Smell the Roses on the Way Along
Exposition / Exhibition
27 mars – 31 mai 2014
27 March – 31 May 2014
Vernissage / Opening
Jeudi 27 mars 2014 de 20h à 22h
Thursday 27 March 2014 from 8 to 10 pm
Mar. – Sam. 11:00 - 19:00 & sur rdv
Tues. – Sat. 11 am - 7 pm & by app.
SUZANNE TARASIEVE PARIS / LOFT 19
Passage de L’Atlas / 5, Villa Marcel Lods, F5019 PARIS
”Raise a glass to your old grandfather. Let the toast be, ‘Smell the roses on the way along.’ And remember- head up! Thumbs by the seams of your trousers, and when all else fails, laugh. Hold tightly when you’re strong, and when you have to, let go gently.”
These are the closing lines to a letter left for Neal Fox by his grandfather John Watson, and opened 20 years after his death. Over time Watson, a former bomber pilot, pulp fiction writer, chat show host and publisher, has become a kind of mythical totem figure and alter ego for Fox. In his black hat and coat Watson is our guide on a journey through time, space, and pop culture.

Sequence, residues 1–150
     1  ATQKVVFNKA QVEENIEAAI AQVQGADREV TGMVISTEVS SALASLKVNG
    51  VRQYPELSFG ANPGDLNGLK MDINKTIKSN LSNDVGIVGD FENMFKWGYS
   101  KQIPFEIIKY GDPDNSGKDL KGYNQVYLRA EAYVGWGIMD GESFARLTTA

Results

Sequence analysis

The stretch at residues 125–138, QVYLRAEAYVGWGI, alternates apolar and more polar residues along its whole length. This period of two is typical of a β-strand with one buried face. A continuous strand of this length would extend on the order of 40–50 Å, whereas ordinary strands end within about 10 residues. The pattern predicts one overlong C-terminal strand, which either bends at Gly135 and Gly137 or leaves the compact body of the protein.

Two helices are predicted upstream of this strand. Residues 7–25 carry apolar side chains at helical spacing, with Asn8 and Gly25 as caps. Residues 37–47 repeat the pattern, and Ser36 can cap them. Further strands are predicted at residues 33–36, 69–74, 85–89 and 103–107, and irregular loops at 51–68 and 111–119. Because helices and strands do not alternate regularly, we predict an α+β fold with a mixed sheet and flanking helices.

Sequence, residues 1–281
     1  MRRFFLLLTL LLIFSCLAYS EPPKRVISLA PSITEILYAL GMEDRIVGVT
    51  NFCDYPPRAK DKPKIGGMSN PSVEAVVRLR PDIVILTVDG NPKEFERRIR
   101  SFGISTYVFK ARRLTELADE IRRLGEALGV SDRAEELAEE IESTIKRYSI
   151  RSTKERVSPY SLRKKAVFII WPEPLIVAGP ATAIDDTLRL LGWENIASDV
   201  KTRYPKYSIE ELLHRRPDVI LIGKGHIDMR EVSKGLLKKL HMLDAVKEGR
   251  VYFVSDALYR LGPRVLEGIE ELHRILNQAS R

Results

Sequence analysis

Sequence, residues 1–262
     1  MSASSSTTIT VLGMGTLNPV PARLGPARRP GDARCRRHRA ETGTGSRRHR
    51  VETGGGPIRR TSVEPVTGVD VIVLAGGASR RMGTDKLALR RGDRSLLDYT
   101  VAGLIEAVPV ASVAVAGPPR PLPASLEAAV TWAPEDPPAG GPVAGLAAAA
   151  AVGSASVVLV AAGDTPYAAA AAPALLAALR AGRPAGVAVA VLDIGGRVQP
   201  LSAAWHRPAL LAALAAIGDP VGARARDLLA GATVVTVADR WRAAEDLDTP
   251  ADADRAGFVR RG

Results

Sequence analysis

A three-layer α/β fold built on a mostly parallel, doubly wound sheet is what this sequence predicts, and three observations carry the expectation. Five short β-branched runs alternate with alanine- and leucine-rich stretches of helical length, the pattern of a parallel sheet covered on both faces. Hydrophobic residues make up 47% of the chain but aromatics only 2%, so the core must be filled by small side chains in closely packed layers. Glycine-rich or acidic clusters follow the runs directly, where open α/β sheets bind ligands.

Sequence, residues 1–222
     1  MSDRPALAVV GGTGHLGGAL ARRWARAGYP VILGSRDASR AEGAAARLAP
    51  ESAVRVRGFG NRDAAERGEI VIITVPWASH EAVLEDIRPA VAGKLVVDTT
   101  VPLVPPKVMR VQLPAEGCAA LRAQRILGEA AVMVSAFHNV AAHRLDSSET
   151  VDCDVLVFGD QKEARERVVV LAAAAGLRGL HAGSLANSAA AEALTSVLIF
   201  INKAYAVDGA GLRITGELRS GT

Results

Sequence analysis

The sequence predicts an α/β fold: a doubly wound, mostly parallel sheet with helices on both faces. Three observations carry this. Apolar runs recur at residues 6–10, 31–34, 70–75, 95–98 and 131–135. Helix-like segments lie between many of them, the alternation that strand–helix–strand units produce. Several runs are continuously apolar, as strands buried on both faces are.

In his increasingly layered drawings Fox attempts to break through the space time continuum, creating Bacchanalian scenes of liberation through humour and chaos, using a cast of rebels who have helped shape our collective consciousness. Maverick scientist Wilhelm Reich channels orgone energy from the gyrating groin of Elvis Presley, Pussy Riot bury Vladimir Putin in the sands of Libertalia, the Madagascan pirate utopia described in William Burroughs Cities of the Red Night, while a Kurtz like Jim Morrison and a gorilla suited Marlene Dietrich recline in a decadent and brutal jungle inspired by the films of Werner Herzog. Infused with influences such as Hieronymus Bosch, Underground Comix, Neue Sachlichkeit, Tijuana Bibles, and the psychedelic art of L B Cole, Fox’s work follows Burroughs maxim that ”there is no line between the ‘real world’ and the world of myth and symbol”.
”Irreverent yet pulsing with obsession, Fox’s depictions of iconoclasts from Francis Bacon to Johnny Cash expose the ways in which lives are transformed into legends. Fox rips these figures from their context and tampers with cultural signifiers like a boozed up plastic surgeon”.
Priscilla Frank, The Huffington Post